A View From The Center of Town: Neighbors and Rutherfordians
Submitted by Pete Wilkinson
The movie, ‘A Beautiful Day in the Neighborhood’, is going to be released later this year. It’s the story, of course, of Fred Rogers, who created the children’s
television show ‘Mr. Roger’s Neighborhood’ for National Public Television.
The show entertained and educated children and adults for more than thirty years through vignettes and conversations among people in an imaginary neighborhood. For both older and younger generations he modeled ways of engaging in life-affirming conversations with a sense of curiosity.
As we are about to begin a new school year, I am curious as to how we choose to live as “neighbors” in Rutherford. Often, I hear people who have grown up and lived their lives in this town being described as “Rutherfordians”.
“Rutherfordians”, at their best have lived in our community long enough to support the town and their neighbors through their participation in community activities. A “Rutherfordian” brings a cup of coffee to a school crossing guard. He or she will drive a neighbor to a doctor’s appointment. They will help shovel snow for an older neighbor and ask how things are going. A “Rutherfordian” is excited to see children grow up and will come to Lincoln Park on the evening of the Senior Prom to see how young people are growing up. We have a sense of pride regarding our life here. To be a “Rutherfordian” can be a positive way to affirm our identities as members of this community.
But, “Rutherfordians” are new, too. Someone who moved here recently or just this summer contributes to the health and vibrancy of our life together just as much as those who have been here for a long time. How do we intentionally share, through our acts and actions, our thoughts and our words, the essence of the neighborly traits and values that we uphold and value as a community? I believe our town and our neighborhoods, become havens of hope and support as we look at all of us as “Rutherfordians”. As we live out and share the traits of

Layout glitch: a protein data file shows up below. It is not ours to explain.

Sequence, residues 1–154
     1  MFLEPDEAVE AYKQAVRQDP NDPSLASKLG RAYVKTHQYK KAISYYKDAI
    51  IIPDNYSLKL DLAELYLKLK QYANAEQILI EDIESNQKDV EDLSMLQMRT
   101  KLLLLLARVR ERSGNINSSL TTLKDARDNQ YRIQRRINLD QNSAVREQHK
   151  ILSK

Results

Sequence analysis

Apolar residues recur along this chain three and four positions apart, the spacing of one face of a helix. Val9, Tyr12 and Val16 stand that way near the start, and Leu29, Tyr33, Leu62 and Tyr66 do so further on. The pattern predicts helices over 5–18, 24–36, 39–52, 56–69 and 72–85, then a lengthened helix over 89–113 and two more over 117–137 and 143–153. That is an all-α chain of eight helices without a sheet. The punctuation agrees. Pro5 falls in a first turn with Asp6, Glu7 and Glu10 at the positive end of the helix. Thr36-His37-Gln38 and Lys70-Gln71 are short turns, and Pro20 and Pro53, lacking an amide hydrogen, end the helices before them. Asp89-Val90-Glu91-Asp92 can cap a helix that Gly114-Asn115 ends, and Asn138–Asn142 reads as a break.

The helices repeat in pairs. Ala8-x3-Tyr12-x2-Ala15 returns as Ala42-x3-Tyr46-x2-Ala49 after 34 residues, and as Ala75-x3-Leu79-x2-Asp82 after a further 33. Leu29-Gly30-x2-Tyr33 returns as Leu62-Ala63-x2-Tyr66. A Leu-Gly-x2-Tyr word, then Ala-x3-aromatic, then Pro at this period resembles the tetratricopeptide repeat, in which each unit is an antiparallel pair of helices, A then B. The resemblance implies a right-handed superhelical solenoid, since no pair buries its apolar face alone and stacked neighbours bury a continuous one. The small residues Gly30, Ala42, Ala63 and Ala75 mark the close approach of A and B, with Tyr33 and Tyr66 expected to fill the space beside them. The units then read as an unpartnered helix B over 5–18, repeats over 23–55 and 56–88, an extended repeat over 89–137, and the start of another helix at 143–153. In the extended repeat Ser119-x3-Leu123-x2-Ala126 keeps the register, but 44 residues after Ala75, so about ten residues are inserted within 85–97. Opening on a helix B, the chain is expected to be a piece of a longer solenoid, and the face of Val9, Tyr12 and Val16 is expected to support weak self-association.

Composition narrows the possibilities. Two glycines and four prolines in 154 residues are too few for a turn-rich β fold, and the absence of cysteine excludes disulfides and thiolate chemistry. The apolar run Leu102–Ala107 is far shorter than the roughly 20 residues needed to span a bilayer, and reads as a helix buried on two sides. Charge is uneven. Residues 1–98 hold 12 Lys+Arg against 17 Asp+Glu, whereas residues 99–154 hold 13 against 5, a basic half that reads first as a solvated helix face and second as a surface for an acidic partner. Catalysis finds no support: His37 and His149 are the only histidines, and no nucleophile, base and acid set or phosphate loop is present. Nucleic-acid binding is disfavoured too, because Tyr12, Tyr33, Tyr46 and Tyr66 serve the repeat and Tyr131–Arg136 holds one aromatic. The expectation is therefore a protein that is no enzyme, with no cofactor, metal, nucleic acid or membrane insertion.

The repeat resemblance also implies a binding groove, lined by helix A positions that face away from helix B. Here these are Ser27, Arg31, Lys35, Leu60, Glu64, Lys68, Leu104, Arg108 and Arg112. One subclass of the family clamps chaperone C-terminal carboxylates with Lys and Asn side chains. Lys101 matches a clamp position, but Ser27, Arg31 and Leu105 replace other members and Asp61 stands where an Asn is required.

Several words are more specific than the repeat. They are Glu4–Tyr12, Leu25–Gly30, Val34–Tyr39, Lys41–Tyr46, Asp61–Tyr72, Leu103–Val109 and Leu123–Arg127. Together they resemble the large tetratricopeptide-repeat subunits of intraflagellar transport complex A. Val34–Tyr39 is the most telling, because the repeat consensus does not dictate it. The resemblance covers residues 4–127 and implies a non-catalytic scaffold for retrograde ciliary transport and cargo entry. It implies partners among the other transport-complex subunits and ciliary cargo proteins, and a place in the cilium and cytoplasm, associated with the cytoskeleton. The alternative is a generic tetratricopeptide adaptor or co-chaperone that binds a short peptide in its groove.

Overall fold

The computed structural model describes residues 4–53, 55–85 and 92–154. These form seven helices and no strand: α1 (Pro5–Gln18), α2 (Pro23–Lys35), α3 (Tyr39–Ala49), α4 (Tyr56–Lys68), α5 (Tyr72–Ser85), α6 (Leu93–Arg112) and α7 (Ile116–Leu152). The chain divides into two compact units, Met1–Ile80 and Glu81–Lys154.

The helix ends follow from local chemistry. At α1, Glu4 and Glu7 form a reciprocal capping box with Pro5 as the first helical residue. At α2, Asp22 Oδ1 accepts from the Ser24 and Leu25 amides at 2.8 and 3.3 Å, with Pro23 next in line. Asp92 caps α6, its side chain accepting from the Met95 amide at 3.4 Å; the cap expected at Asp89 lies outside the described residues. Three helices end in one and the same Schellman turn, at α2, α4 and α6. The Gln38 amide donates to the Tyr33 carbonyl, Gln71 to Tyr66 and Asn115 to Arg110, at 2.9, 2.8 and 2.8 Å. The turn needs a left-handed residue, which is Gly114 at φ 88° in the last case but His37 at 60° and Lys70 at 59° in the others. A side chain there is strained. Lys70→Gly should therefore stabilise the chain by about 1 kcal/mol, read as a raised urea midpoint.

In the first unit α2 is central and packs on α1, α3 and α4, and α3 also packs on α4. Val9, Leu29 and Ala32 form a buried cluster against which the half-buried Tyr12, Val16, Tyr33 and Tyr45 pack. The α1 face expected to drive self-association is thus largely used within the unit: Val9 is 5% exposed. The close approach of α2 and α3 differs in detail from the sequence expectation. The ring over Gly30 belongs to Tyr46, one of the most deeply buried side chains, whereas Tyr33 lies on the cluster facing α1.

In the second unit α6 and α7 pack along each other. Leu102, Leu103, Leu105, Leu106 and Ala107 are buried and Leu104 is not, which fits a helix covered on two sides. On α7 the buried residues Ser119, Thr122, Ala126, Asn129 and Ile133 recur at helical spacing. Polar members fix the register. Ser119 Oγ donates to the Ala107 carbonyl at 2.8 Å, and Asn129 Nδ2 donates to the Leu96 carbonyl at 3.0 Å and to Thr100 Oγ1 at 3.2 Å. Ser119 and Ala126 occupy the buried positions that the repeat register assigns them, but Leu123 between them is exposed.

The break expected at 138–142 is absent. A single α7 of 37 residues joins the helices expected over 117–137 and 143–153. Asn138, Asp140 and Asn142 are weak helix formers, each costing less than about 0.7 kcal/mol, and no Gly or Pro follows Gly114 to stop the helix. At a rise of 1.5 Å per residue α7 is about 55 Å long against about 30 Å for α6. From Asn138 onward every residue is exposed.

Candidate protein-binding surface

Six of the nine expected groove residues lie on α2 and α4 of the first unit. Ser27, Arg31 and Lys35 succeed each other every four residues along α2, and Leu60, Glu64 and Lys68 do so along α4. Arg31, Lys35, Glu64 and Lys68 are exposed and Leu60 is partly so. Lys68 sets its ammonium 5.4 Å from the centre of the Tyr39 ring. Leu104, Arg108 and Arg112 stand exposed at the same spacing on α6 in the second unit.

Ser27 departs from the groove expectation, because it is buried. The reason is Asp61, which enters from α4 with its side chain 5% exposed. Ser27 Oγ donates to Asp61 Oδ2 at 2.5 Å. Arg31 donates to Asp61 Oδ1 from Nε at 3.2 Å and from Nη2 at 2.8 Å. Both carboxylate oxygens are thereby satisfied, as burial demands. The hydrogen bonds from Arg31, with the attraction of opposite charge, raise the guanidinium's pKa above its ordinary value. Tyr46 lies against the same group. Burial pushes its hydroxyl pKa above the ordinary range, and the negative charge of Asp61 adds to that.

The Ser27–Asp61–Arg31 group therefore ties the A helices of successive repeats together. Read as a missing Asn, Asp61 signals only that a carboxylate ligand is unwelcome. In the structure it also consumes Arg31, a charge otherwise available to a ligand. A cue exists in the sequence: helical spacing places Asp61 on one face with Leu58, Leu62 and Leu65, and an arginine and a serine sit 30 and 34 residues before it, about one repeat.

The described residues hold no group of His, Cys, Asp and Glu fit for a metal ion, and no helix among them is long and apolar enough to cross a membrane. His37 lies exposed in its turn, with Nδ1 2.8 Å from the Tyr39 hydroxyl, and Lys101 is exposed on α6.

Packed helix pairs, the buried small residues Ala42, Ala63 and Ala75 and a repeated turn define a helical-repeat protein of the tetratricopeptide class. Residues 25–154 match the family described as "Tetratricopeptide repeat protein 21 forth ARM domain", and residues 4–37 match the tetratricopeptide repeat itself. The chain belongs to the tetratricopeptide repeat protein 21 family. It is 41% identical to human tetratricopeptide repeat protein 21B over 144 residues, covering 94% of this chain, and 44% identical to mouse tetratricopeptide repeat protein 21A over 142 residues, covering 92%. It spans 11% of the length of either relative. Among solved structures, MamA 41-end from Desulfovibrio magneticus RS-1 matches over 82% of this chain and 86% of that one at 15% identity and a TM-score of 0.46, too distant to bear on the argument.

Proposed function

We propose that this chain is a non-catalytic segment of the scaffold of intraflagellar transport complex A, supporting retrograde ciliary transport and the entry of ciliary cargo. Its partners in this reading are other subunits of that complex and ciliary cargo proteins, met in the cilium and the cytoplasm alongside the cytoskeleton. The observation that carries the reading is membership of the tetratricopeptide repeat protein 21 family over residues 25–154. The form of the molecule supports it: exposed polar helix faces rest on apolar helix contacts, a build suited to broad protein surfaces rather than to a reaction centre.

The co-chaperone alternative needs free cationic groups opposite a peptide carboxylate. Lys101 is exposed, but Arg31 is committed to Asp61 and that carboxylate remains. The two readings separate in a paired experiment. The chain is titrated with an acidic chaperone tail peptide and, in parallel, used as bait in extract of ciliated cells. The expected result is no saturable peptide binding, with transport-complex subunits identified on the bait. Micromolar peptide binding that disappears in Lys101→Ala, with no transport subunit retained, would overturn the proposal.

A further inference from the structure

engagement, and as we care for each other, I believe we strengthen the core of our life together. I also believe these traits align with the model Mr. Rogers shared for a generation. The lessons of Mr. Roger’s Neighborhood can be shared and transmitted to our children both through the things we do, and the things we choose not to do.
Mr. Rogers was someone who lifted up for a generation of people, the traits of kindness and compassion. He reminded people that having a sense of curiosity was a positive tool in order to learn and develop meaningful relationships with people who were different from them. He shared the importance of affirming the good in people and the search for that good as a starting point to develop and deepen relationships with those around us.
From my view in the Center of Town, I find myself more and more curious to see how we will choose to be “Rutherfordians” together. How do we choose to pass along to the next generations (this includes adults who are moving into town) the traits of being engaged, supportive, neighbors? How will we watch out for those in need or distress? How will we support children as they grow up and are educated in our schools? How will we continue to be mindful of the older members of our community? How will we support those who are living with and living through struggles because they are different, or at risk? How do we celebrate moments of success? How might we walk with people facing trials? I suspect our answers to these questions, might be helpful indicators of how we define our lives as “neighbors” or “Rutherfordians” in these challenging times.
One last thought from Mr. Rogers: “When I say it’s you I like, I’m talking about that part of you that knows that life is far more than anything you can ever see or hear or touch. That deep part of you that allows you to stand for those things without which humankind cannot survive. Love that conquers hate, peace that rises triumphant over war, and justice that proves more powerful than greed."
I look forward to my encounters with all our Rutherfordians so together we can learn how we will live and celebrate our lives with one another. I hope to see you sometime, in the Center of Town.